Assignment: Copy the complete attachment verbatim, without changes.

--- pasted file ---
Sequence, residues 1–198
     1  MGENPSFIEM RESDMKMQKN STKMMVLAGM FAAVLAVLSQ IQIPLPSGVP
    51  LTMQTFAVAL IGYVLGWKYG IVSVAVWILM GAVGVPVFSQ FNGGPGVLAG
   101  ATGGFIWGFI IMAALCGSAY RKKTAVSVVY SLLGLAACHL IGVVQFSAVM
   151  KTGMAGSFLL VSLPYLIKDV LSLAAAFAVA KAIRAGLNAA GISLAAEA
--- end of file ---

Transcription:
Sequence, residues 1–198
     1  MGENPSFIEM RESDMKMQKN STKMMVLAGM FAAVLAVLSQ IQIPLPSGVP
    51  LTMQTFAVAL IGYVLGWKYG IVSVAVWILM GAVGVPVFSQ FNGGPGVLAG
   101  ATGGFIWGFI IMAALCGSAY RKKTAVSVVY SLLGLAACHL IGVVQFSAVM
   151  KTGMAGSFLL VSLPYLIKDV LSLAAAFAVA KAIRAGLNAA GISLAAEA